The U.S. service sector is forecast to show contraction last month, but less than it shrank in June, according to a Reuters' poll of economists.
The Institute for Supply Management's services index is estimated to have risen to 48.0 in July from 47.0 in June, according to a median forecast culled from the Reuters poll.
A reading below 50 suggests the sector is contracting.
Estimates from the 66 economists polled ranged from a low of 46.6 to a high of 49.3.
The services sector includes businesses like banks, airlines, hotels and restaurants, representing about 80 percent of U.S. economic activity.
The Institute for Supply Management will release the July non-manufacturing index at 10 a.m. EDT on Wednesday.
A sampling of forecasts and analysis on the upcoming non-manufacturing index follows:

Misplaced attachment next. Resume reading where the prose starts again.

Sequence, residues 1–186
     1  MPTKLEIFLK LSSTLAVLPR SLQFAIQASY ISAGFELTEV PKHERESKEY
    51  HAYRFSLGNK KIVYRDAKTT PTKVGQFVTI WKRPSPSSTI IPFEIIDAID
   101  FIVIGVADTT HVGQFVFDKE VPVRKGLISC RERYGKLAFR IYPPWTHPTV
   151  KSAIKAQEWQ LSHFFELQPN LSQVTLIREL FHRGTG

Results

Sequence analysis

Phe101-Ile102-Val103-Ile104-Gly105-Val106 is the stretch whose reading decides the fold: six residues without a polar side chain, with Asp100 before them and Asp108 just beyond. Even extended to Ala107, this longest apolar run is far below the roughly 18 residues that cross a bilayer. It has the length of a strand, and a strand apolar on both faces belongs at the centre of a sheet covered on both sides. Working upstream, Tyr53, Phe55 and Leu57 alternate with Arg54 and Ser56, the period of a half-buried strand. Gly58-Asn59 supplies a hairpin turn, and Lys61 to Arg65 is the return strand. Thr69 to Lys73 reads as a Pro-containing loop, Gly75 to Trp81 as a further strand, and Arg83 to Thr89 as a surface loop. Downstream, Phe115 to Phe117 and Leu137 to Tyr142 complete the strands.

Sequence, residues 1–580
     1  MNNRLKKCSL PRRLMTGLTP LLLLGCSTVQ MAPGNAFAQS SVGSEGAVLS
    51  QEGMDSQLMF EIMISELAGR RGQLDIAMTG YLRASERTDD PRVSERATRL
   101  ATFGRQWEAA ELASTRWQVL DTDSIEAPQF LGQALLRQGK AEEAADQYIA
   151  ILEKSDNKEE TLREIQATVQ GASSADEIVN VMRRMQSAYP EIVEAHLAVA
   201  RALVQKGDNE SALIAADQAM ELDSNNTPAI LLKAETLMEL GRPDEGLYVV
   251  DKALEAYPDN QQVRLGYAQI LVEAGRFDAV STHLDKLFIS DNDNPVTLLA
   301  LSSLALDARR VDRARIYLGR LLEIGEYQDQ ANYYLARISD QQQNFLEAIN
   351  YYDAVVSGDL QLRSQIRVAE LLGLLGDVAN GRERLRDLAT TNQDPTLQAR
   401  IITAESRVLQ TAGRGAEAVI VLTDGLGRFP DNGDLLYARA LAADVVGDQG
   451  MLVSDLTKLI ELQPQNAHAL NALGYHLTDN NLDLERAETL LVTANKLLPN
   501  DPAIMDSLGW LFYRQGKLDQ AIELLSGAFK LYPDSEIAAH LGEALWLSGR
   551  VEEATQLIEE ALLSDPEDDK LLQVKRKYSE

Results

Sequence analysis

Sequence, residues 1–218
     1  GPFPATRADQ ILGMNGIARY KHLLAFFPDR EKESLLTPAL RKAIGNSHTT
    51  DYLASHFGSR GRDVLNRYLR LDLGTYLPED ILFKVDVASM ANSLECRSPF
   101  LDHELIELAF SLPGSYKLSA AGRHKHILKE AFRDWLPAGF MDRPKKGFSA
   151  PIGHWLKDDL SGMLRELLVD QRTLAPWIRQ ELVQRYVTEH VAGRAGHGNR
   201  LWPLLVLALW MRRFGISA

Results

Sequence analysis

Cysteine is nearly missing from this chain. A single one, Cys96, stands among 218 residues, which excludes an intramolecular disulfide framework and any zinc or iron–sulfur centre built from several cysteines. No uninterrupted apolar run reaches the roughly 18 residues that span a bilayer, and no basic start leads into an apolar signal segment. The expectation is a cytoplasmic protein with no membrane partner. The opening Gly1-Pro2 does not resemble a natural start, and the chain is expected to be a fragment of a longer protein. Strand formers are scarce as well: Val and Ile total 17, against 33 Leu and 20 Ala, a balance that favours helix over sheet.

UBS INVESTMENT RESEARCH/US ECONOMIC PERSPECTIVES
The non-manufacturing ISM index averaged 44.9 in Q2 after 41.8 in Q1 and 40.7 in Q4. It probably rose again in July, but likely remained below the zero-growth 50 mark. Our estimated 'all-economy' ISM index, which combines the manufacturing and non-manufacturing surveys, will likely show the same pattern.
Non-manufacturing output should continue to recover as the economy moves toward growth in the second half. However, the steady decline in services employment suggests the sector remains under some pressure.
MICHAEL MORAN, CHIEF ECONOMIST, DAIWA SECURITIES AMERICA:
The gradual turn in the economy could lead to further improvement in the ISM non-manufacturing index in July. The new orders and business-activity components have increased briskly in recent months, settling just shy of 50 percent in June. The supplier delivery component has lagged, but a catch-up in July could pull the composite measure higher.
(Polling by Bangalore Polling Unit)